The more I experiment with trying the stereotypical “high society” food, the more I laugh at that whole cuisine. So far it’s mostly been stuff that I’ve already had before, or really similar to something I’ve already had. Polenta, for example, is the same as the “mush” that Mom made when I was growing up. The difference is that Mom would chill hers after it cooked to set it, and then slice it and fry it. Served up with butter and syrup. This is as near to breakfast perfection as one can get in my opinion. Well, served with bacon. Everything is better with bacon. Like I posted previously, bone marrow reminds me of dipping your bread in bacon fat. Venison? Grew up on the stuff. Gnocci? Terrines? Fancy words for potato dumplings and headcheese, both were regular items growing up. I could go on, but I want to get to my latest addition to this list of peasant food that was stolen and given highfalutin names. Pate. Very tasty, but really nothing more than liverwurst. And I’m sure you’re tired of me saying this, but grew up on that stuff too.
One quick aside before I get to the recipe. A while back Lindz and I went to Andrew Zimmern’s book signing here in the Cities. When he was signing it, I told him that I grew up on a lot of traditional Polish foods and most of what he showed on Bizarre Foods wasn’t all that different from what I ate. He agreed with me and said that as you travel the world you discover that food basically isn’t all different. I’m beginning to understand this. You start to learn to appreciate the nuances in the seasoning and the quality of the cook. And an aside to the aside, if you ever get the chance to meet Zimmern, do it! He’s a great speaker and a genuinely nice guy. We had a blast at the book signing.
Now, onto the pate!
This whole little adventure started with a trip up to Mom and Dad’s. I was rummaging through the deep freeze looking for meat to swipe. Mom was down in the basement with me and asked if I wanted a package of liver. I hesitated for about a half a second and then said yes. At that point, I was just planing on pan frying it with some onions because that’s what you do. After I got home, it occurred to me that I could make some pate. After a bit of digging, I found a really basic recipe that sounded good, also it was one of the very few that called for beef liver instead of chicken.
- 1 lb Beef Liver, cut into pieces
- 1 small Onion, chopped
- 1/2 C Red Wine (did not use)
- 2 cloves Garlic, crushed (used something like 8)
- 1/2 tsp Dijon Mustard
- 1 sprig fresh Rosemary (used about 1 Tbs dried)
- 1 sprig fresh Thyme (used about 1 Tbs dried)
- 1 Tbs Lemon Juice
- 1/2 C Butter
- Salt and Pepper
Saute the liver and onions in a couple of tablespoons of the butter until the livers are browned and the onions are tender.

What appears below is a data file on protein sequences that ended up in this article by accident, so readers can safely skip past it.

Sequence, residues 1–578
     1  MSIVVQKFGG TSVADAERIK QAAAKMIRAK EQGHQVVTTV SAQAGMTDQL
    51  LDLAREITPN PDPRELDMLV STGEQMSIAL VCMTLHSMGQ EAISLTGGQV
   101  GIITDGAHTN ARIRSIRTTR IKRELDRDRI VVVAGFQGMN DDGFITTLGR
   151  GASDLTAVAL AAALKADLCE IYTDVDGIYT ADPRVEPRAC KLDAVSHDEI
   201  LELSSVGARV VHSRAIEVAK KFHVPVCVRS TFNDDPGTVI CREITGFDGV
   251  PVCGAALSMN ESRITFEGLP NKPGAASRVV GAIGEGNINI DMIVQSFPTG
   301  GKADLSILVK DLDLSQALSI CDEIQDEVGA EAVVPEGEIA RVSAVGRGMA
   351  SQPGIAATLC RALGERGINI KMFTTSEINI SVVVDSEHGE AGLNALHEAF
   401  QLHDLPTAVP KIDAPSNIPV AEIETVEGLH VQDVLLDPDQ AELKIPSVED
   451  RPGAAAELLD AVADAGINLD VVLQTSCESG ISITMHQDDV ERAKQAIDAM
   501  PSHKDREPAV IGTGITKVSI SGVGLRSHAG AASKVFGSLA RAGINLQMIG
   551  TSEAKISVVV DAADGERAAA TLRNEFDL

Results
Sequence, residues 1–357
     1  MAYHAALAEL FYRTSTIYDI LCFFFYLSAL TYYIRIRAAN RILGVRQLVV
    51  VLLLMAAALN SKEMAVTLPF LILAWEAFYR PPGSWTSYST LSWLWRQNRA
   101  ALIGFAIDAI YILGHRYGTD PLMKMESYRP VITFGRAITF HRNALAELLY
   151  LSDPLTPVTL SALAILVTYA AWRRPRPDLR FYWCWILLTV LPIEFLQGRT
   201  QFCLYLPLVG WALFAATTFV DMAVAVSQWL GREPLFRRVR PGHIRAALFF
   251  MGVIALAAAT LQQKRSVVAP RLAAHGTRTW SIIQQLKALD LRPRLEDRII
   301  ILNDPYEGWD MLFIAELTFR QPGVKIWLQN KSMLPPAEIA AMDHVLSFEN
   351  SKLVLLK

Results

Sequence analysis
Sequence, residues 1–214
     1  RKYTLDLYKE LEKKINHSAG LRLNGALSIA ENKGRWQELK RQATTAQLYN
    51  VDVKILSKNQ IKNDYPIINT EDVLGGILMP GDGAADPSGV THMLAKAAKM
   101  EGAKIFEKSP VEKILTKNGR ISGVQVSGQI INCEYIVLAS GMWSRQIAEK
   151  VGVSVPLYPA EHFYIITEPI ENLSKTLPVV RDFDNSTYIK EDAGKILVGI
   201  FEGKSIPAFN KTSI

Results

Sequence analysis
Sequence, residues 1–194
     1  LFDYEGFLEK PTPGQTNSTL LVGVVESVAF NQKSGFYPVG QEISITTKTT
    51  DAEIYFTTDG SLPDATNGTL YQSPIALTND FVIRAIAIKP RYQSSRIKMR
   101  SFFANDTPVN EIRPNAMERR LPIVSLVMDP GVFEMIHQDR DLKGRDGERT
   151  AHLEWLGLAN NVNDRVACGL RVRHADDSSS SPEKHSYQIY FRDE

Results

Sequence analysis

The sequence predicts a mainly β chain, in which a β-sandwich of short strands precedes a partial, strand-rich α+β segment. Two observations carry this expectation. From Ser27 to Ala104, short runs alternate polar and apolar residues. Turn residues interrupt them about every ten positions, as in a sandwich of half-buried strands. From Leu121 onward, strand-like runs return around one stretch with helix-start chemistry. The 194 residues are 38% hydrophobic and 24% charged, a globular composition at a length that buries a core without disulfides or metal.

Add wine, garlic, mustard, herbs and lemon juice and cook uncovered until most of the liquid has gone.
Cool and blend to a smooth paste in the food processor (or a stick blender like I did) along with the rest of the butter. This is easier if the butter is not fridge cold. Add salt and pepper to taste. Check the consistency of the pate. If it seems dry and crumbly rather than smooth and creamy, add more butter.
Like I said earlier, very, very good, but it tastes just like the liverwurst I grew up on. Good memories.
I love my Grandma. She’s 93 years old, still lives in the same farm house she has lived in for the last 60-ish years, and she is not afraid to let you know what she thinks. For example, when I brought Lindsay home to meet my family for the first time, my Grandma commented that “It was about time that I bring someone home.” Yup, direct quote. One of the other reasons that I love my Grandma is because she is one of my inspirations of what food can taste like and the joy that it can bring.
One thing that I grew up on is headcheese. Whenever I tell people that this is one of my favorite foods, I always get one of two reactions. The first option is “Uh, what is that?”, and the second is “Really? People actually eat that???” First, headcheese is a terrine made with the meat off of a pig’s head. This is a fancy way of saying that it is meat suspended in flavorless gelatin. Sounds good, right? To answer the second question, I have only found one person outside of my family that likes it. Narren grew up eating it as well, and I want to thank him for making my family look normal. But yes, people do eat this.
I’ve always eaten it with a little bit of ground pepper on top and a splash of white vinegar. It tastes just like a pork chop that is served cold. I think it’s a texture thing with most people who actually try it. I really don’t understand it because I can’t think of a single person out there who doesn’t like jello. I’m sure that they are out there, but I don’t know any of them. I’m not judging, I’m just saying I don’t get it.
This has been a very long route to what I wanted to get at: My Grandma made headcheese!!!